Jets worried about Jets, not Patriots, after loss


Jets worried about Jets, not Patriots, after loss

By Mary Paoletti Staff Reporter Follow @mary_paoletti

FOXBORO -- You heard about this game all week: Patriots versus Jets. Rivalry week. The week Rex Ryan's crew returns for the first time since booting New England from the playoffs and jet-planeing triumphantly through the tunnel and into the AFC championship game.

The implications escalated along with the media chatter.

A Patriots loss would put them at 1-2 in the AFC East; a Jets loss would put them at 2-3 overall. It isn't just divisional football, it's Jets Week.

But if you go by New York's postgame reaction, this was Just Another Week. Almost every Jets player interviewed after the 30-21 loss at Gillette Stadium spoke about . . . the positives.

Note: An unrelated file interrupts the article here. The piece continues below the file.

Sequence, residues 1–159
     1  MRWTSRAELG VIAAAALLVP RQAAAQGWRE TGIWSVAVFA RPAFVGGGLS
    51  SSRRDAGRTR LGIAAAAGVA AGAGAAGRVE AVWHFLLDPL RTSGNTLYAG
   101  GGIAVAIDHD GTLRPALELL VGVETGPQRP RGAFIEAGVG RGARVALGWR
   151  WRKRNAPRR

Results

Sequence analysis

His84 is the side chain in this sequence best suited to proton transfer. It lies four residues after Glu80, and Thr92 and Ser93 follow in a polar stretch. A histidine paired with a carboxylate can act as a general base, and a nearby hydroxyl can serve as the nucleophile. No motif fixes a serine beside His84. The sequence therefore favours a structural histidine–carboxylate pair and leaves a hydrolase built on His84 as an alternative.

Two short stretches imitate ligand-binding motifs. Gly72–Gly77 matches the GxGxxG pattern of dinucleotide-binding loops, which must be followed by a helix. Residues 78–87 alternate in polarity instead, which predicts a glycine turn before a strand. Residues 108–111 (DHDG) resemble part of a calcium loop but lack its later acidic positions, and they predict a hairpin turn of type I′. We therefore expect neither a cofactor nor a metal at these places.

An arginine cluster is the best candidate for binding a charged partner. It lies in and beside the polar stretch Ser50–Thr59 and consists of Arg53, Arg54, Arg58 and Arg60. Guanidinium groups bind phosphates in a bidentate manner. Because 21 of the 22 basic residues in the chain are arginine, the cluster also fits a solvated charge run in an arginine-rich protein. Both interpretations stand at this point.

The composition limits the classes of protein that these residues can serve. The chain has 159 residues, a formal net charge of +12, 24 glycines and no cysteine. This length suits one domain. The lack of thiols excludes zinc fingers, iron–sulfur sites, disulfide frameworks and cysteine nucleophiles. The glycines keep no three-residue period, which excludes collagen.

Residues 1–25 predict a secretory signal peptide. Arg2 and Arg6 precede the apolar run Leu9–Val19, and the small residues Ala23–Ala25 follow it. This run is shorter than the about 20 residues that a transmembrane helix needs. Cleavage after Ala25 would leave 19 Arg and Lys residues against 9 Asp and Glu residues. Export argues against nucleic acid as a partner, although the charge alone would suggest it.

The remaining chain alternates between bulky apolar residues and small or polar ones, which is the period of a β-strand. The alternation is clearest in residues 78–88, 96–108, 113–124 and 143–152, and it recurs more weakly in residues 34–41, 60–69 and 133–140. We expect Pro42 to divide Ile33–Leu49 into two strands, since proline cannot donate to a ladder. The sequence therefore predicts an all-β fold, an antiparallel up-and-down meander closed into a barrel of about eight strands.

"We're going to take this game and learn from it as best we can and just move forward," said defensive back Darrelle Revis. "Hopefully, catch them the second time around when we play them later on in the season."

Yes, that was Revis. New York's talented, trash-talking cornerback was in move-on mode after the loss and couldn't be bumped off course. The whole locker room was set to a mellow simmer if not soaking in ambivalence. The Jets dressed quietly but weren't sullen; they talked with the media, but weren't provocative.

The Patriots took Week 3's loss to the Buffalo Bills harder.

"We had a great game plan coming in," Revis shrugged. "We knew a lot of things that they were doing, but . . . they executed. Tom Brady is an unbelievable quarterback. He made some great throws and those guys ran some great routes."